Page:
William & Mary

VMFA fellowships support W&M professor, student

  • Honored works:
    Honored works:  Norah Peterson '22 will continue to hone her painting skills in the art program at William & Mary after receiving a Museum of Fine Art fellowship as a high school senior.  Photo by Stephen Salpukas
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Norah Peterson ’22 was hooked on drawing after discovering anime and the Japanese comics manga.

Growing up in Williamsburg, Virginia, she got seriously interested in art during middle school and intends to major in studio art at William & Mary. Peterson received a fellowship from the Virginia Museum of Fine Arts in Richmond for her work, which she said seeks to find the middle ground between realistic and conceptual.

“I want to move in a way that I can have more of an impact on my viewers,” she said. “So it’s not only oh, this is a picture of an apple. But oh my goodness, this is a picture of an apple — this is new; I’ve never seen anything like this before.”

W&M has a faculty member and student on VMFA fellowships this year as part of the museum’s 2018-19 awards, which went to 12 professional artists and 11 college students, five of whom including Peterson were high school seniors when they received the honor in the spring. Mike Jabbur, associate professor of art and art history, was honored as a professional. Read more about his work here.

"Lost at sea," oil on canvas (Photo courtesy of Norah Peterson) Click on the image above to see a photo gallery of Norah Peterson's work.Receiving the award with Jabbur was special for her, Peterson said. Their families are friends and she uses pieces of his utilitarian pottery at home.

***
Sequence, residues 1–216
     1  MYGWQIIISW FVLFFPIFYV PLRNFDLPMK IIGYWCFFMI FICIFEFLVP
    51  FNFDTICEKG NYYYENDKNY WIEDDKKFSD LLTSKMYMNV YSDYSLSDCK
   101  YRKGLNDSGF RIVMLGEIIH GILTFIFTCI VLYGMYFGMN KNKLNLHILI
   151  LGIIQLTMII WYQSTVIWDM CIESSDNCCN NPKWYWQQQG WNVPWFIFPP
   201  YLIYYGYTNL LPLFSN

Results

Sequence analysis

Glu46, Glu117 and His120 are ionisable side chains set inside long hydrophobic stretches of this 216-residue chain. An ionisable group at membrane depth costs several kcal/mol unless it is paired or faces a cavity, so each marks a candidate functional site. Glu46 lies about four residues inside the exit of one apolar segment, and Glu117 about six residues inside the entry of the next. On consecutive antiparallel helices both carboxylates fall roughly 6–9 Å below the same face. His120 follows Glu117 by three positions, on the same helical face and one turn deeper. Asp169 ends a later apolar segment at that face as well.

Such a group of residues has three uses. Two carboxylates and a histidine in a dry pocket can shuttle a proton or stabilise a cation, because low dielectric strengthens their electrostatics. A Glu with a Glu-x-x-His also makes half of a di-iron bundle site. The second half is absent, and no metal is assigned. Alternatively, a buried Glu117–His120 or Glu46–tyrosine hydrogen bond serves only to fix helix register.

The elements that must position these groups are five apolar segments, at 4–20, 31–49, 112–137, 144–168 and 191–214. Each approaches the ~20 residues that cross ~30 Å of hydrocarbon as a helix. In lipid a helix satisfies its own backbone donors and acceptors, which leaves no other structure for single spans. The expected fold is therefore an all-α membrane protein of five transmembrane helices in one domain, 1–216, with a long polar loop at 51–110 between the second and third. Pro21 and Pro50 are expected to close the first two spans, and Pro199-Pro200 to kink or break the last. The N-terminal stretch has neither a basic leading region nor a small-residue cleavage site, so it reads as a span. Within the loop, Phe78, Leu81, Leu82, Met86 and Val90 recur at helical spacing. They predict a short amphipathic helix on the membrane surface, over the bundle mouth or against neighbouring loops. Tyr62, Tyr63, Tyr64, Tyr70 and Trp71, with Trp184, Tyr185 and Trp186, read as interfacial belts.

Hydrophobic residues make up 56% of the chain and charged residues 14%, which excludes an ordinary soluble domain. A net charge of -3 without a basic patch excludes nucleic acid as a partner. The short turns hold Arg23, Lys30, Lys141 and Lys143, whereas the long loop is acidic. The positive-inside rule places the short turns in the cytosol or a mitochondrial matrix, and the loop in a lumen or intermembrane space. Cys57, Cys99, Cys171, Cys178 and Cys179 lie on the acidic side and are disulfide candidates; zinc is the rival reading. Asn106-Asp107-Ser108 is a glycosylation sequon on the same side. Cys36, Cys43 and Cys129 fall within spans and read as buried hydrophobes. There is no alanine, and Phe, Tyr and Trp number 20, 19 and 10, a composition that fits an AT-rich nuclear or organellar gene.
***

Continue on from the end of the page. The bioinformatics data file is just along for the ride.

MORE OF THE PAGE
“It was very eye-opening, seeing him there as somebody I look up to and kind of see as this well-respected artist and this really, extremely talented artist — his work is beautiful — and then thinking we’re here for the same reason,” Peterson said.

Peterson has been making art since childhood, starting off with crafts and moving on to drawing and then painting.

“But when I first discovered Japanese anime, I did a lot of that, and that’s when I started wanting to learn to draw,” Peterson said. “I got books on how to draw manga. And so I kind of started from there.”

For Mike Jabbur, associate professor of ceramics in art and art history at William & Mary, teaching and creating his own utilitarian pottery inform one another.  (Photo by Eric Lusher) Click on the image above to see a photo gallery of Mike Jabbur's work.Throughout middle school at Williamsburg Montessori School and high school at Warhill, she received progressively more specific training on bridging the gap between manga-type drawing and a more realistic style. Technical training started to hone her raw skills into a more refined way of looking at shapes and details.

Her art foundations course in high school expanded to include improving how she saw the world, she said. Comparing self-portraits done at the beginning and end of the school year showed the strides made.

Continuing on to drawing and painting courses allowed her to experiment with different types of paint, which led her to settle on oils as her favorite, and to start to think conceptually about her art. She does a lot of portraits, but would like to paint more landscapes.

Her most recent works “Let them eat cake,” “Christmas morning,” “Unwrapped” and “The things we do for fun” were all part of a concentration she did for Advanced Placement testing that included classroom assignments and a concentration centered around an idea.

“And so for mine, I wanted to do toys and basically the juxtaposition of them and really intense issues like homelessness or alcoholism,” Peterson said. “And I wanted to depict how we treat some of these things very lightly, especially in media. And I wanted to use it as more of a shocking comparison to say hey, we see these too much as a likeness when they’re very different.”